One of the primary purposes of host services 102, 104 and 106 is to process information received from other sources, such as mail servers (not shown) and mobile communications devices 120, 122, 124, and send the information on to the appropriate recipient, typically a different host service 102, 104, 106, mail server or mobile communications device 120, 122 or 124. Host services 102, 104 and 106 are configured to send and receive email messages and as such typically communicate with a mail server. Mail servers could include for example a Microsoft® Exchange® server, a Lotus® Domino® server, a Novell® GroupWise® server, an IMAP Server, a POP Server or a webmail server or any other mail server as would be understood by those in the art. The host services 102, 104 and 106 also contain a software module, which executes in their processor to achieve the desired sending and receiving of messages as well as the appropriate processing of information. In a preferred embodiment the software module of each host service 102, 104, 106 is a messaging module, the messaging module is adapted to receive messages from at least one external mail server, send messages to mobile communications devices 120, 122, 124, receive messages from the same mobile communications devices and send messages to the at least one external mail server(s). The at least one external mail server(s) could also be at least one mobile data server(s) for example. The wireless router system 110 may also be directly connected to a host service, such as a local service 112, without the communication network 108. In another embodiment, it is possible for host services 102, 104 and 106 to communicate directly with mobile communications devices 120, 122 and 124, in this embodiment, host services 102, 104 and 106 must be capable of addressing communications to mobile communications devices 120, 122 and 124 without the aid of the wireless router system 110.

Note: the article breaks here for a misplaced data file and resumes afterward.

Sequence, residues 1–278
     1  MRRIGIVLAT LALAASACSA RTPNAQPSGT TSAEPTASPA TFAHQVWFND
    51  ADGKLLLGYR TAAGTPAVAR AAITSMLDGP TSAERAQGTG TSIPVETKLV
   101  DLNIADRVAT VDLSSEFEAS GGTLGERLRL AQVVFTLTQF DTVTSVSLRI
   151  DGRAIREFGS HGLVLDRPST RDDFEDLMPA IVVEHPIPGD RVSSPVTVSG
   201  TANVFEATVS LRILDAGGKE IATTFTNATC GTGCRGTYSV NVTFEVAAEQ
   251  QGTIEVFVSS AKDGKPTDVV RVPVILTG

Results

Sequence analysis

In the environment described in
Communication between the relay services node 202 and various application gateways and servers is effectuated using any suitable protocol, e.g., Server Relay Protocol (SRP), preferably over Internet Protocol (IP) links. By way of illustration, host service 102 (from